Against punk

Punk, we are told, came about as a reaction against the bland, bloated corporate rock of the 1970’s. Punk represented a violent and healthy shrugging off of the politeness and dullness of mainstream music (Stevie Wonder/Earth Wind and Fire/Marvin Gaye…), it was a great rebellion, a rising up of the masses who were being, in some ill-defined sense, oppressed by this meretricious pap, and who were terribly angry about it. (Quite why they were buying it in such numbers has yet to be fully explained.)

So the answer, of course, was noisy, amateurish music with a lot of rage in it. Music that could be produced by anyone. You didn’t need anything to play punk. You didn’t require any fancy musical training or high-priced skills or anything, just some mates, a shed (or garage) and guitars and amps and a drum kit and mikes and amplifiers…

OK, you needed a fair bit of kit. As much, in fact, as the muso oppressors needed to make their polite (spit) well-polished (blaaaah) music with. And you needed to know how to play chords, no fewer than three, the same three that all those poncey, sell-out mainstream bands used actually. Plus of course if you were going to actually get anywhere there would have to be someone around with some rudimentary marketing skills. You would have to have some promotional machine so that the world could know just how angry you really were about being oppressed by Stevie Wonder and Earth Wind and Fire. For the gig you would need further things: a PA (public address system), and probably a van, or  at least large car, to carry all the stuff to the gig. You would have to produce some promotional flyers for the gig, which would mean having to deal with The Man at the photocopy shop. Someone to take money. If there was a bar, you would need staff to take money there as well. Still, it was as anarchic as anything (at least as far as the constraints of being a commercially operated venture would allow, of course).

Then, if you wanted to record just how angry you were about it all, you would have to operate within the constraints of a record producing entity of some kind. Even if this was your own label (financed by daddy’s money, of course), this would involve owning or hiring plant and machinery plus expertise. It would, undoubtedly, all start to oppress the bejesus out of you at some point, so you would retire straight away and go back to your day job at daddy’s car valeting company. Unless you made it big, in which case you would  give a great many interviews to a great many angry young journalists like Julie Burchill, and then wait until it was your turn to do the butter adverts. Meanwhile the enemy, in the form of corporate media whores like Prince, would be making Sign o’the Times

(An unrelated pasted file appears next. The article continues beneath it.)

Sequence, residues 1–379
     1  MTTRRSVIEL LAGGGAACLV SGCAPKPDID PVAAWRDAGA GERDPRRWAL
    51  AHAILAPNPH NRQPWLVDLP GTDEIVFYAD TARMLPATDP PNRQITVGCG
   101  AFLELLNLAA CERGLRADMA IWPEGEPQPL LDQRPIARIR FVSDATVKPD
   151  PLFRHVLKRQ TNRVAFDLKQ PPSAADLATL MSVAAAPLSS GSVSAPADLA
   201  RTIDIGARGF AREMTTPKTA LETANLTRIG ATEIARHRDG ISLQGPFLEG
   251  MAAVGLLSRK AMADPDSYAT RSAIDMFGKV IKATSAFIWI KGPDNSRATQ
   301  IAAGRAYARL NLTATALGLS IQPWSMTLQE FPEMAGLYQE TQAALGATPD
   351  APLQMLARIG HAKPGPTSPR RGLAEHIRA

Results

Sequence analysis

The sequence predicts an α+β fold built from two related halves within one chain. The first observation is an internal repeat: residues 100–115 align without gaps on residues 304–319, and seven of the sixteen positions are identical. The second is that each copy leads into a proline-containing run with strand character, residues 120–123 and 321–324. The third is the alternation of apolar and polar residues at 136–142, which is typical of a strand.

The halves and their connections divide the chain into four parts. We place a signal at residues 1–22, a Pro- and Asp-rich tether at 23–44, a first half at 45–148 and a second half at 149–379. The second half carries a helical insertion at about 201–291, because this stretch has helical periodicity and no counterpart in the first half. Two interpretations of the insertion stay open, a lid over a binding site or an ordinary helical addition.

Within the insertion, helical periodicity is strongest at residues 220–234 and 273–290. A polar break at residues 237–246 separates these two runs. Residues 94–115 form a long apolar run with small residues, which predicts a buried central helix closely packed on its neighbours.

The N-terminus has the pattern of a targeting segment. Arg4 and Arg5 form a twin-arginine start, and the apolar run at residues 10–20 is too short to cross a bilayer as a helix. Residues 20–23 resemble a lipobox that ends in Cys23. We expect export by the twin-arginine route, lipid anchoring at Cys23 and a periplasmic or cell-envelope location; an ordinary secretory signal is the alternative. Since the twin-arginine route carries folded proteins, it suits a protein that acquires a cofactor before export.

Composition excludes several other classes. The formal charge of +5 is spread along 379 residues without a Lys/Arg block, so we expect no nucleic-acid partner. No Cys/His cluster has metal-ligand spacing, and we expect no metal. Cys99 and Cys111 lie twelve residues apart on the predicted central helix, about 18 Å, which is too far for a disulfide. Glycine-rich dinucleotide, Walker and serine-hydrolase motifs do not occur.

Maybe it all made sense at the time. Maybe you had to be there. Though possibly even that didn’t really help much. (I was, it didn’t.)

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10 thoughts on “Against punk

    • An honour to have you, Mr. Joel. I often find myself humming ‘Uptown Girl’ and thinking, mmmm, what a well-crafted entertainment commodity this is. And who could forget the little dance in the video? Forever green, sir.

      • Billy Joel says:

        Why thank you, Mr Maginn. I like to think I can turn most musical genres into saleable units. Hot funk, cool punk, even if it’s old junk. I can do all that.

        Also, next phase, new wave, dance craze, anyways, I’m quite good at those too.

        Anything really. Has to be on piano though.

      • England's Dreaming says:

        I meant no offence. I’m just very catarrhal at the moment. I also have glue ear, but that’s a blessing because my neighbour is listening to Effing Fulfillingness’ First Finale, (whatever that actually means). I think it might be alliterative.

      • I think it’s fair to say that some of Mr Wonder’s work, post Songs in the Key of Life, is of variable quality. I think you should consider yourself lucky that your neighbours haven’t got I Just Called… on repeat play. Sorry to hear about the catarrh. Have you tried chewing raw garlic? It won’t make any difference but it won’t half take your mind off it.

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